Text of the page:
Wong's films are structured around images of characters in repose, of interactions weighted with desire, and of individual memory and fantasy.
In the most developed consumer cultures, individuals with the means and know-how can see films virtually whenever and wherever they want. The widening options for viewing "wherever" has lead some to fear for the “future of cinema”, and to take refuge in the thought that people will at least still need theaters for big films, films that are events, that traffic in spectacle, and that are built from visual effects and images that can only be appreciated on a big screen in the dark. Such films will preserve theater-going. If people want to see little films on their computers, on their TVs, on their iPods, well, that's okay. Regrettable, maybe, but okay.
Fortunately, there are filmmakers like Wong Kar Wai, whose work exposes the flaws in this line of argument. Wong's movies, the latest of which, My Blueberry Nights, has recently been released on DVD, are clearly composed for the big screen even though they are, by and large, not constructed as big spectacles, but are intimate explorations of character and romantic love (and even those that are spectacular, the wuxia epic Ashes of Time (1994 and 2008), and the science fiction-tinged 2046 (2004), are nonetheless grounded in those “smaller” purposes). His movies are best appreciated on the big screen, but because they are also character-driven and personal, they translate effectively to smaller screens, even revealing nuances that may be harder to note on a larger scale.
My Blueberry Nights follows Elizabeth (Norah Jones) from New York to Las Vegas and back again as she works out a few things in the aftermath of a failed relationship. She gets an initial boost of solace and confidence from Jeremy (Jude Law), the owner and operator of a cafe near where her cheating ex lives. They begin a nightly ritual of sharing thoughts on love and life over blueberry pie for her and other leftovers for him. Along the way, Jeremy clearly becomes smitten with Elizabeth, but she simply stops showing up one night and hits the road. She writes him, thus maintaining their connection and buoying his hopes for a future relationship.
Anyone who thinks of film as primarily a narrative art, will likely always have problems with Wong's work. He doesn't tell stories so much as explore how characters react and cope with particular situations, particularly those relating to love and romance. While it's possible to trace a narrative spine to most of his movies, because the kinds of themes he explores don't resolve themselves neatly, or finally, or in a middle-beginning-end type structure, his narratives tend to fragment and grow offshoots that travel in loops rather than lines. His films are structured around images of characters in repose, of interactions weighted with desire, and of individual memory and fantasy. It is because Wong seeks to visualize, to show and not simply tell these personal and interior moments, that his films find their fullest artistic expression on the big screen. However, that is not the same as suggesting that his movies aren't worth seeing at other scales.
Consider, for example, the extreme close-ups of Norah Jones' face in My Blueberry Nights. Both, one near the end of the first act, and one as a prelude to the final shot of the film, are of Elizabeth resting her head on the cafe counter, seemingly dozing. Her face, from her eyes to her chin, fills the frame.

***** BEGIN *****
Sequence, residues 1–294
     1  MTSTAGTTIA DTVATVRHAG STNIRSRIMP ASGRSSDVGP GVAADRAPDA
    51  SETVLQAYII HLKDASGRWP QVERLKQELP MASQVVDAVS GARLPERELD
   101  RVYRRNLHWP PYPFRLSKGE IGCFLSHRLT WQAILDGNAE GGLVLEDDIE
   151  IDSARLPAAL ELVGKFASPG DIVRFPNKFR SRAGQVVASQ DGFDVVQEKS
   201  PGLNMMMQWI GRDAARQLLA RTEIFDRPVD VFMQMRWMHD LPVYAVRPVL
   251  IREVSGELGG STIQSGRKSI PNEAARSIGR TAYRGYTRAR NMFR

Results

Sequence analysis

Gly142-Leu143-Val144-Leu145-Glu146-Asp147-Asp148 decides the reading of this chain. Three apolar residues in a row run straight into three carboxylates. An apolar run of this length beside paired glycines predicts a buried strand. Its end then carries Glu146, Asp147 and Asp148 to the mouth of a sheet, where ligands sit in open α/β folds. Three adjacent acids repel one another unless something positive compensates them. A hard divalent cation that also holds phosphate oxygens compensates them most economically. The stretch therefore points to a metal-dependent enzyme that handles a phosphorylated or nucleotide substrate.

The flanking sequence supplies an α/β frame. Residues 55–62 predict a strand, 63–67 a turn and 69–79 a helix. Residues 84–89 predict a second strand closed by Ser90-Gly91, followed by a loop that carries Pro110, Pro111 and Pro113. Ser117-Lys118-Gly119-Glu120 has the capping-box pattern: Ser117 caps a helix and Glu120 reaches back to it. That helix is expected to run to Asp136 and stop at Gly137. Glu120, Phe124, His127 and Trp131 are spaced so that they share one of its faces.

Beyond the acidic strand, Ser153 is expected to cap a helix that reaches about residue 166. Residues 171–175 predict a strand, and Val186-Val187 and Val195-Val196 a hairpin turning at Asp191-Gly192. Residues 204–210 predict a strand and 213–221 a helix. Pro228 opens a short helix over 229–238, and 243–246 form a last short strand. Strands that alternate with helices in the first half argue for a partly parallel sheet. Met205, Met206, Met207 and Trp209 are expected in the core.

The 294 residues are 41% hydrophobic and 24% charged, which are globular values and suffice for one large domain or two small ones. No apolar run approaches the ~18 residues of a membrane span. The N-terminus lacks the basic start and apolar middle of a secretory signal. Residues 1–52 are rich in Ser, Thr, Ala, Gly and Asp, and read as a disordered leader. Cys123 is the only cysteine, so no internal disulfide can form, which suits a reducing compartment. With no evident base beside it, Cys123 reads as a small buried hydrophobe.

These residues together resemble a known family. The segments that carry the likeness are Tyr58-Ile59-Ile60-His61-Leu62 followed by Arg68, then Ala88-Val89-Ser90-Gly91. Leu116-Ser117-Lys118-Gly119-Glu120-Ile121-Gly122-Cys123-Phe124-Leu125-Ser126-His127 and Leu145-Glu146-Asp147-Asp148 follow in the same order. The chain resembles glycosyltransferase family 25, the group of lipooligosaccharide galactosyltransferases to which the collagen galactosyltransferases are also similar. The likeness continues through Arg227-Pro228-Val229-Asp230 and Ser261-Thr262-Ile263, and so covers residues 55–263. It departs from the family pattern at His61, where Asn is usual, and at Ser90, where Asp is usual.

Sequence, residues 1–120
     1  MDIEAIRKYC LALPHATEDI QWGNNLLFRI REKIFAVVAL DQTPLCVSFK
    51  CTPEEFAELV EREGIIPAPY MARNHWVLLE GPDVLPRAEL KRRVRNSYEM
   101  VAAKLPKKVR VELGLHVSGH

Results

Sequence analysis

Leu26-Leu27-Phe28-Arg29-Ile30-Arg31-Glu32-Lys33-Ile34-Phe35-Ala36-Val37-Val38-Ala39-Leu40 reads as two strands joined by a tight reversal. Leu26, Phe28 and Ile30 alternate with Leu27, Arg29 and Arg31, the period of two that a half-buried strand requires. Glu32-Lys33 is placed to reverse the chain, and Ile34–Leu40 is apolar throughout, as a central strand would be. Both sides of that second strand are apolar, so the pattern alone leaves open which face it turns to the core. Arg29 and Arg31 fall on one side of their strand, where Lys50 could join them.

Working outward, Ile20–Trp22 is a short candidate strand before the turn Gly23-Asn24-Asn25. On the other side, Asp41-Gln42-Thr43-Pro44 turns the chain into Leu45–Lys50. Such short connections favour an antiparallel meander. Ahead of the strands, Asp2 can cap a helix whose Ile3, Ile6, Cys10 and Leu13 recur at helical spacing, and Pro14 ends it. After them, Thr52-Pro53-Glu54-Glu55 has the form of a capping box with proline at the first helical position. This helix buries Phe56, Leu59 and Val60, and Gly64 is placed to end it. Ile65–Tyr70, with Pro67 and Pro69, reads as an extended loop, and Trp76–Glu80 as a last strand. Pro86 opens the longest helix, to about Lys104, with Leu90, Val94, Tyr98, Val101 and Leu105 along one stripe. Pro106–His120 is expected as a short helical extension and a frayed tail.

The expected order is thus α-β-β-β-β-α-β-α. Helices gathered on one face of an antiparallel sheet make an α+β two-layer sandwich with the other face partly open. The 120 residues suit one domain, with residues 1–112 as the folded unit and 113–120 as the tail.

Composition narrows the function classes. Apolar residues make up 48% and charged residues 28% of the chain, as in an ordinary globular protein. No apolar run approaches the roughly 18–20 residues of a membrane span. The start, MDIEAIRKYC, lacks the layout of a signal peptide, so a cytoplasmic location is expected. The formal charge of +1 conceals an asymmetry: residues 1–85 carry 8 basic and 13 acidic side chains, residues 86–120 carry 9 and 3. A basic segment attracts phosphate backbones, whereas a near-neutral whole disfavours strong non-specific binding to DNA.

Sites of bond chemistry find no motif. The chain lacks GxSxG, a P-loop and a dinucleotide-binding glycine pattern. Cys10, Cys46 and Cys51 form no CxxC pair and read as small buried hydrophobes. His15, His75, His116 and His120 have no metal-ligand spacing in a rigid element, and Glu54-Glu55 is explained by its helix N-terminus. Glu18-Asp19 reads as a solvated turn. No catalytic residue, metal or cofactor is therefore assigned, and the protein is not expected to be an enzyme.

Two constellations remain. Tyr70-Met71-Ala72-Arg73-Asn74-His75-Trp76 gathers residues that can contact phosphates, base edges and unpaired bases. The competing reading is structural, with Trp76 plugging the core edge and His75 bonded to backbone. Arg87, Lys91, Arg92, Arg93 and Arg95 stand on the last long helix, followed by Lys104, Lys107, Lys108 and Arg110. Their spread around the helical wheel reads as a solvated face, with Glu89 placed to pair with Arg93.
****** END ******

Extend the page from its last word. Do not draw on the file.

In the theater, this is an image that is both profoundly personal and overwhelming to look at. It does not approximate everyday vision in any respect. It is a perspective that is primarily experienced through cinema (and maybe still photography, but I would argue that it is more powerful when contextualized with sound and movement). When downscaled to a television, these shots become less special, less resonant, both artistically and emotionally.
On the other hand, because the image can now be taken in with a glance, it becomes easier to appreciate the details in Jones' expression, the set of her eyes, the slight movement of her mouth into a smile. Ironically, the smaller scale creates more distance between audience and actor, her face no longer fully occupies the viewer's eyes, but in allowing that distance, it makes the shot as a whole easier to comprehend. As clearly meant for the theater as they are, these close-ups are still meaningful on other screens.
What's worth noting here is that these images are made up of nothing more than a human face. No wide landscapes. No big battles between huge armies or super beings. Just a face. But no less cinematic for being so. My Blueberry Nights may be a small movie as compared to, say, The Dark Knight, but it was still made for the big screen.
One quality that facilitates appreciating the movie on DVD is that it has the shape of a road film. This gives My Blueberry Nights more of a recognizable narrative architecture than is typical of Wong's movies. At the same time, that shape is more implied than it is actually followed.
For starters, Wong and co-writer Lawrence Block choose to focus on Elizabeth's destinations rather than her traveling. In one moment she makes a decision to leave New York and in the next she's waiting tables in Memphis. The only indication of “the road” is a title card displaying the number of days since her breakup and how many miles she is from New York.
The distance between Memphis and the unnamed small town in Nevada where Elizabeth falls in with Leslie (Natalie Portman) is bridged with a montage of different places, but the accent remains on stops rather than movement. When she heads to Las Vegas with Leslie, the movie finally takes on the look and feel of a conventional road film. The two women share a hotel room, eat road food together, and ride the highways of Nevada in a Jaguar convertible. The travel itself is signified by strings of snappy shots of the open road and high desert set to bluesy rock. Finally, by the end of her journey, Elizabeth gets her own car, but as with her initial jump from New York to Memphis, the return journey is merely pointed at rather than shown.